Author(s): Briggs RC, Gossman MR, Birch R, Drews JE, Shaddeau SA, Briggs RC, Gossman MR, Birch R, Drews JE, Shaddeau SA
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Abstract Descriptive data were collected regarding static standing balance of 71 noninstitutionalized elderly women as they performed two timed balance tests. All subjects performed the sharpened Romberg test and the one-legged stance test on each foot in four test conditions: 1) eyes open, 2) eyes closed, 3) shoes on, and 4) shoes off. Subjects were grouped and analyzed according to the following age ranges: 1) 60 to 64 years, 2) 65 to 69 years, 3) 70 to 74 years, 4) 75 to 79 years, and 5) 80 to 86 years. The best time of three trials was used for data analysis. The maximum balance time for the sharpened Romberg test was 60 seconds. For the one-legged stance test, a maximum balance time was 30 seconds. No significant difference was found between right and left or dominant and nondominant limbs while performing the one-legged stance test. No significant difference was found in mean balance time between subjects who had fallen versus those who had not fallen, nor between shoes-on and shoes-off test performance. Subjects' performance on the eyes-open test was consistently superior to their eyes-closed test performance (p less than .0001). The one-legged stance test mean balance time decreased significantly as age increased. More subjects reached the maximum balance time on the sharpened Romberg test than on the one-legged stance test. The results of this study indicate that additional research is needed in the area of balance maintenance among the elderly population.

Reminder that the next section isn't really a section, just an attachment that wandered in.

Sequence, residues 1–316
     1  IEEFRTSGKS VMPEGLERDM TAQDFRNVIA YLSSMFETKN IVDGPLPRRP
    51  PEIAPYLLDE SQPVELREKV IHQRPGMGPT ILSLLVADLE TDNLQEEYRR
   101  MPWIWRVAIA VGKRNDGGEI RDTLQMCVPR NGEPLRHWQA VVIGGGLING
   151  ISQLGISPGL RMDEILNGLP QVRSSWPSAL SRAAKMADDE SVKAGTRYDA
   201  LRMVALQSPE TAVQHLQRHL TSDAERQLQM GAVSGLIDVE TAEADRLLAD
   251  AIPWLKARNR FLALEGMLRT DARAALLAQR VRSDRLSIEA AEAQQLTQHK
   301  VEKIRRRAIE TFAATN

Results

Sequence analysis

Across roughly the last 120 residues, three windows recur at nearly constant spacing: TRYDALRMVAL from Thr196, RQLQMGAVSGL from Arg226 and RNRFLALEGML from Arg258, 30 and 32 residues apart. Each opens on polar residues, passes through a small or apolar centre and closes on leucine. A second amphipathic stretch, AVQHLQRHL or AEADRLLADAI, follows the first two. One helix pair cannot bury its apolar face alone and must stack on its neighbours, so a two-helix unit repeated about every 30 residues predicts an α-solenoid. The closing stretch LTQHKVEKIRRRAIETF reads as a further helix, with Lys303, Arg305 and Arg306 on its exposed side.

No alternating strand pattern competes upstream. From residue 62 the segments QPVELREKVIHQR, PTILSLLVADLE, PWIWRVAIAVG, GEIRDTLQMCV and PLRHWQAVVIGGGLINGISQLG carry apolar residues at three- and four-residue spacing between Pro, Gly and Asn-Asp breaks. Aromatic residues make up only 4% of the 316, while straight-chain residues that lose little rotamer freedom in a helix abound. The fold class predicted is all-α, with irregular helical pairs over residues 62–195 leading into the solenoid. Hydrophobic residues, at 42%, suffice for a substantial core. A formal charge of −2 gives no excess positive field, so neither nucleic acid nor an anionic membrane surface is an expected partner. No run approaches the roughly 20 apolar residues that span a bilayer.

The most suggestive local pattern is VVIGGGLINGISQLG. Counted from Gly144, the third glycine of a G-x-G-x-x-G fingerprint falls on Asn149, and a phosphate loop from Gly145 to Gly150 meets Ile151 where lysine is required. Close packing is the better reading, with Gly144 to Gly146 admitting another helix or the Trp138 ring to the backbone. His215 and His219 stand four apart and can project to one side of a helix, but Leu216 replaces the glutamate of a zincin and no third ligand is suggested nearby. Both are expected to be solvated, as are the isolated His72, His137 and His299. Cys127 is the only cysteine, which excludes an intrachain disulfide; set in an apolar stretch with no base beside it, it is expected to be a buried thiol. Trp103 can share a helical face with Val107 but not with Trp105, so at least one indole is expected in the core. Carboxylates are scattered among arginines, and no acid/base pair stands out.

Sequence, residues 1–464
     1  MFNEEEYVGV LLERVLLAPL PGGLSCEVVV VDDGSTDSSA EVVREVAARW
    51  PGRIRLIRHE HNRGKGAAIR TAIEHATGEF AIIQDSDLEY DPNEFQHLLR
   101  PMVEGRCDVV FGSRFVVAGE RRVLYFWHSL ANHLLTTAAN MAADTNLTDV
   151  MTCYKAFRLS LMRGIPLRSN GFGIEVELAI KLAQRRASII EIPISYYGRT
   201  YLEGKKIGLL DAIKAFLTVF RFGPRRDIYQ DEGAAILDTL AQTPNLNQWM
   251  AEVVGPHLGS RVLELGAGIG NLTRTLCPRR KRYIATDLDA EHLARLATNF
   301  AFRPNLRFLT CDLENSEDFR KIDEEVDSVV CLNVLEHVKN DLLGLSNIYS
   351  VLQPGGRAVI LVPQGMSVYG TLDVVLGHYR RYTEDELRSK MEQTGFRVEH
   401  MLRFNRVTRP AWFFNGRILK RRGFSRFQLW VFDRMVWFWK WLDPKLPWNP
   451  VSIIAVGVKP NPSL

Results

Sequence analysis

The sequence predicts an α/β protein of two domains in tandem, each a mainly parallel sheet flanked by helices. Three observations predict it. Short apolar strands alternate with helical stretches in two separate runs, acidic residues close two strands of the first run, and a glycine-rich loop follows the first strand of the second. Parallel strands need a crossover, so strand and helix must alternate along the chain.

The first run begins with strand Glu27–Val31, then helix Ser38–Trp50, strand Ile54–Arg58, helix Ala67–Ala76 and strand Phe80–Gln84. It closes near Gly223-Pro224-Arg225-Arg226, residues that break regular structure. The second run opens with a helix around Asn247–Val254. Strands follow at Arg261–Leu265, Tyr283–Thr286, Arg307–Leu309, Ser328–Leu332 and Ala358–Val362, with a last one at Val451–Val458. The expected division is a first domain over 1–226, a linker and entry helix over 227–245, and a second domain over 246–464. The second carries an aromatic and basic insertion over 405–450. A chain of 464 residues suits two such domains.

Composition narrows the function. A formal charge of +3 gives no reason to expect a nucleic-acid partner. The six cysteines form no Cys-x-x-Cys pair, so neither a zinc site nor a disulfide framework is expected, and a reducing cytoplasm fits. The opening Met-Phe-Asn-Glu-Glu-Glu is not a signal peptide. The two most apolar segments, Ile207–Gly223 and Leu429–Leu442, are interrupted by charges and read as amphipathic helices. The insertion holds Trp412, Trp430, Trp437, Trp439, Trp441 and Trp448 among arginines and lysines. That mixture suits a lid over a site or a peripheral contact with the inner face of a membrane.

This article was published in Phys Ther
and referenced in Journal of Aging Science